the white stork, a migratory wading bird known for its long annual migrations, is a sight to behold in its natural habitat. learn more about this graceful bird and its fascinating migration patterns.

The White Stork: A Migratory Wading Bird

GardenBy May 21, 2024

The Majestic White Stork

The White Stork is a large migratory wading bird belonging to the Ciconiiformes order and the Ciconiidae family. While there are several species of storks, the most common in France is the White Stork (Ciconia ciconia). Originally known as the symbol of Alsace, this graceful bird is not limited to that region and has managed to conquer many other parts of France, including Nouvelle Aquitaine. Although its populations are still fragile, they have shown signs of recovery after being on the brink of extinction.

Description of the White Stork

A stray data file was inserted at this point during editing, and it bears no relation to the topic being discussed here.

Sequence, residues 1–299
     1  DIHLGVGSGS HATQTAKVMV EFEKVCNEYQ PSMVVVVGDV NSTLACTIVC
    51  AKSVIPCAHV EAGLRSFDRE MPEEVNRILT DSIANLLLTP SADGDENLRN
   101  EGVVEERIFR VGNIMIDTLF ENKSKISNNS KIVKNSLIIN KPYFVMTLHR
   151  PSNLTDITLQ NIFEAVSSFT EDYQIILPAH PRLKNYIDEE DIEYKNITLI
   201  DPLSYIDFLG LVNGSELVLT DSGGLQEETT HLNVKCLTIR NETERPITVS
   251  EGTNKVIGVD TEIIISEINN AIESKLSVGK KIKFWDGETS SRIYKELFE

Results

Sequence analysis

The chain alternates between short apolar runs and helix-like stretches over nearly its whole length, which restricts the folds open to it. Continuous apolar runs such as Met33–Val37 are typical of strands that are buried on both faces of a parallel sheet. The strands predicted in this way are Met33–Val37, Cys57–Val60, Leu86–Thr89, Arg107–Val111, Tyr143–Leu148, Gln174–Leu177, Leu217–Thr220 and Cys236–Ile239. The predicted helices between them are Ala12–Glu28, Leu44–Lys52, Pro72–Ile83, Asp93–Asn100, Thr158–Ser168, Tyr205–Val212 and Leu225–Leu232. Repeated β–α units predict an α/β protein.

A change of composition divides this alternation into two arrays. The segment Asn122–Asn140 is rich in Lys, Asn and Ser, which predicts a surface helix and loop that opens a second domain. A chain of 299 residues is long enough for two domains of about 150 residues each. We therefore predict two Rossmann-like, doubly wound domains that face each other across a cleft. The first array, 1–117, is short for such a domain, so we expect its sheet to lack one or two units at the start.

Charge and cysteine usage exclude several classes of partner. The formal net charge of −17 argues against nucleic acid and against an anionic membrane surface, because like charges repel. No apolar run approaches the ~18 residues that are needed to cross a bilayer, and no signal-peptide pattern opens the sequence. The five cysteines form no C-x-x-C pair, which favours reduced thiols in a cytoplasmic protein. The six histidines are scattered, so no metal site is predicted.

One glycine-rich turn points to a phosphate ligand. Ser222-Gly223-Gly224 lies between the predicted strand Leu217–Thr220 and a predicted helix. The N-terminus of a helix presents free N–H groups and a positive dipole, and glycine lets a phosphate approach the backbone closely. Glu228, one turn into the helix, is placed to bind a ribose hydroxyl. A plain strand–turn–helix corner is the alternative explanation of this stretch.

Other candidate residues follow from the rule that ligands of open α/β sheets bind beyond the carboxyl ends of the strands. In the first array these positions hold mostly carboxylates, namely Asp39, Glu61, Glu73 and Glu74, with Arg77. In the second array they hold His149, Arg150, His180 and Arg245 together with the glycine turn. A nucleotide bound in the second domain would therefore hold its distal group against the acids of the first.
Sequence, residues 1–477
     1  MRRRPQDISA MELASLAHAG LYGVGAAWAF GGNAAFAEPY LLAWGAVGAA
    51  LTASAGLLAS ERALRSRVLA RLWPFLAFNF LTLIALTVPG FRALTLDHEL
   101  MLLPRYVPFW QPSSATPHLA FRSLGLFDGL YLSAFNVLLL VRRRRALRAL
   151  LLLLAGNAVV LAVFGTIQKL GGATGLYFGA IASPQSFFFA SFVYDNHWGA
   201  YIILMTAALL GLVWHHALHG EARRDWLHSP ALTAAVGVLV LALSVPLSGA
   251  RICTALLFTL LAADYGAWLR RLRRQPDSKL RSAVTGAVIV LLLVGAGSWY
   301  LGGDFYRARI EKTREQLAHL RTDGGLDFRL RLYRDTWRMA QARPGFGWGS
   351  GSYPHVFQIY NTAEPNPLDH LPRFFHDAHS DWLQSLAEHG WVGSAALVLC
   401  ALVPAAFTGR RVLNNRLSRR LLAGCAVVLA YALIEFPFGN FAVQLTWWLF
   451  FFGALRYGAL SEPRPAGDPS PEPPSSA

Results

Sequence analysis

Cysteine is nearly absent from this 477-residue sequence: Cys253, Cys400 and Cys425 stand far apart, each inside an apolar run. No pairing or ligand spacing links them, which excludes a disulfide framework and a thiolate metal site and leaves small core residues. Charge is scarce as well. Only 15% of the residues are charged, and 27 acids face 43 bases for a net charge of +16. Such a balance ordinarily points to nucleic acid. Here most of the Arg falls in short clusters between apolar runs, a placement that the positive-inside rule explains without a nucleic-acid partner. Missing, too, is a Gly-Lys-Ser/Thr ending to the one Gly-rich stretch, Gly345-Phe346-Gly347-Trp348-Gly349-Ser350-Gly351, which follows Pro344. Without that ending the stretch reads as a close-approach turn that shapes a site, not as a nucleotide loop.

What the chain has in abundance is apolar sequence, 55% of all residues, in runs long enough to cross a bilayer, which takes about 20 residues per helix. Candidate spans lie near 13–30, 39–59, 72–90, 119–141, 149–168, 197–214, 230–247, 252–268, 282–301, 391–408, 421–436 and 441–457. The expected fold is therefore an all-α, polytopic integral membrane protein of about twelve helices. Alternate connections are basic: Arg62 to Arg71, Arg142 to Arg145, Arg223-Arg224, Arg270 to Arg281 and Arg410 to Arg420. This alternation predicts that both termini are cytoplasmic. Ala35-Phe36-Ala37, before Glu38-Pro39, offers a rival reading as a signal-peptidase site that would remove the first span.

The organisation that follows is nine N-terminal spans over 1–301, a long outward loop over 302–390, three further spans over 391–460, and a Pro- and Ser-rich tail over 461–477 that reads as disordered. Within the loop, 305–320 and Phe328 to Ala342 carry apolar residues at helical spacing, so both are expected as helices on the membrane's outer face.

The White Stork is easily recognizable with its beautiful black and white plumage. Both males and females have the same coloring. The majority of their body is white, with the black color mainly present on the tips of their wings. During the breeding season, their necks are adorned with long white feathers.

The stork has long, red legs that are devoid of feathers, and a sharp beak that is red-orange to blood-red in color. Its powerful beak resembles a dagger. The stork’s eyes are dark in color.

The juvenile storks have duller black feathers on their wings, and their beaks start off black before gradually turning orange at the base. Their legs are a pinkish color.

These majestic birds measure around 102 cm in height and weigh on average between 3 to 3.5 kg, making them one of the larger bird species. Their impressive wingspan ranges from 155 cm to 165 cm and can sometimes exceed 2 meters. While flying, storks have an elongated neck, unlike herons, with which they are often confused.